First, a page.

If you explore certain Central Texas parks long enough, you'll run across a log cabin. No, you haven't stumbled onto a lost pioneer settlement. Almost none of these rustic relics from the 19th century sits on an original site. Rather, civic-minded folks have moved them to public places where all could glimpse a slice of frontier life.
In the middle of Rosewood Park in East Austin, the small, rough-hewn Henry Madison Cabin rests in the shadow of the Bertram-Huppertz House, a large limestone home built above Boggy Creek in the 1870s. The cabin's the real thing. But its journey to the park was an irregular one.
The park's land belonged to prominent businessman Rudolph Bertram, namesake for the town of Bertram. His daughter Emmie married Charles Huppertz, a grocer who also served as Travis County Auditor until his death in 1921.
In 1929, the City of Austin purchased the Bertram-Huppertz land to establish a park for African Americans, whom city leaders hoped to segregate in East Austin. During the 1930s, a bandstand, sports field and swimming pool were added to Rosewood Park.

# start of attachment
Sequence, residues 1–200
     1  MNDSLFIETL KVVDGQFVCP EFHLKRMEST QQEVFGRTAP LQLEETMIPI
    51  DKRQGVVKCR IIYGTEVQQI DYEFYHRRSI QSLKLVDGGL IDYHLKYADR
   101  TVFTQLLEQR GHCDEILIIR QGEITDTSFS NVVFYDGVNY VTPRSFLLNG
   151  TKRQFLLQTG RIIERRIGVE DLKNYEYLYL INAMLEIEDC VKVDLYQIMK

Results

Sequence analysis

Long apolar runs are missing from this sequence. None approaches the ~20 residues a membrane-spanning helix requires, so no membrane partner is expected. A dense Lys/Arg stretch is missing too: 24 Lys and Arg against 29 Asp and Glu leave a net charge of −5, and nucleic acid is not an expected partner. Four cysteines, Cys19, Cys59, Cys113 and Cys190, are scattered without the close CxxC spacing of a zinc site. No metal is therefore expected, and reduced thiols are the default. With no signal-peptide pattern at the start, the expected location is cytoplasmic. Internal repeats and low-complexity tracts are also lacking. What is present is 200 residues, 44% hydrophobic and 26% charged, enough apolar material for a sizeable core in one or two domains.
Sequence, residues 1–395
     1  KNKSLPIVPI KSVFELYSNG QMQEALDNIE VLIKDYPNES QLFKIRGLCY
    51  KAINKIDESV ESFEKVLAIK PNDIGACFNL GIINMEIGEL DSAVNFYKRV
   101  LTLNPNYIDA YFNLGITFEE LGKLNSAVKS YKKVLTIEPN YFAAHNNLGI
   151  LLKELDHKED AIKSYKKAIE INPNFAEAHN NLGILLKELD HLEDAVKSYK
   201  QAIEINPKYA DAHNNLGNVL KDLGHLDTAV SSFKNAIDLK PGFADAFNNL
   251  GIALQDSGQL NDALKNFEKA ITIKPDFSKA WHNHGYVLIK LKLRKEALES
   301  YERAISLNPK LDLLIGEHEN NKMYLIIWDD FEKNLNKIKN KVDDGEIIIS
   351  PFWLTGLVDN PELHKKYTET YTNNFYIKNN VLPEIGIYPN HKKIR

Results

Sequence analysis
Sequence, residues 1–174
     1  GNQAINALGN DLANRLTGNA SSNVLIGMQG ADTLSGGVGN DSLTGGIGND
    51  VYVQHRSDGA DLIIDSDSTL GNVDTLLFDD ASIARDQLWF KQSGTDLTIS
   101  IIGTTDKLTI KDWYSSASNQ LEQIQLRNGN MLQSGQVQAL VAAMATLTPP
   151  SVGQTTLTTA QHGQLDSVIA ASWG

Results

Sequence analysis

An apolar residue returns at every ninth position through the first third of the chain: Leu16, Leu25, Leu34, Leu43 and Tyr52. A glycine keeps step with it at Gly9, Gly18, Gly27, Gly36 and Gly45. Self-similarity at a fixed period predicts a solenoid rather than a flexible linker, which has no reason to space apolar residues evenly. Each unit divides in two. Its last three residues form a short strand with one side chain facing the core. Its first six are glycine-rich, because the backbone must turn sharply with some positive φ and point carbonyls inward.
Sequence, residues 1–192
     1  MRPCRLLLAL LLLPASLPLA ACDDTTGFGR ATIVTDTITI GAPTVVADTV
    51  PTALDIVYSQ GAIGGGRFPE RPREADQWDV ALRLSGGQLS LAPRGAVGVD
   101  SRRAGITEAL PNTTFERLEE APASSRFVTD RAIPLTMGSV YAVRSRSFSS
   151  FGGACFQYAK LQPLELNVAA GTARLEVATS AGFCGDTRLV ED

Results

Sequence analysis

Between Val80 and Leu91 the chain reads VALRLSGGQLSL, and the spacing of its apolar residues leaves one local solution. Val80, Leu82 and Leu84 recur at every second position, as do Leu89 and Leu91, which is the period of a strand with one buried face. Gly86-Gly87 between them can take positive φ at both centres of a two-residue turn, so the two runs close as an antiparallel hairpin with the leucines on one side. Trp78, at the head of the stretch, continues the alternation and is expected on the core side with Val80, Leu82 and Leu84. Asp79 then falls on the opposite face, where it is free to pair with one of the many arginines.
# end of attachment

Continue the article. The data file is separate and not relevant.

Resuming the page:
In 1944, construction was started nearby on Doris Miller Auditorium, named for Doris "Dorie" Miller, the first African American awarded the Navy Cross, given for his heroism during the attack on Pearl Harbor.
But the log cabin didn't show up until the 1970s.
"It was discovered within the walls of a wooden frame house at 807 E. 11th Street during demolition," writes Kim McKnight in an Austin Parks and Recreation report. "It dates to 1864 at the latest."
Henry Green Madison (1843-1912) was a farmer and policeman who homesteaded the cabin with his wife, Louise, and their eight children. He also built the frame house that enclosed the cabin in 1886.
The property's owner during the late 1960s, Mrs. Greenwood Wooten, donated the cabin to the city. She cooperated with the Rosewood Recreation Association and Delta Sigma Theta service sorority taking the cabin apart and putting back it together in the park in 1973, where you can find it today.
Austin untold stories Our city brims with untold — or rarely told — stories. Some of those took place in Central Texas parks. This weekly series examines the history found in the outdoor places where we play.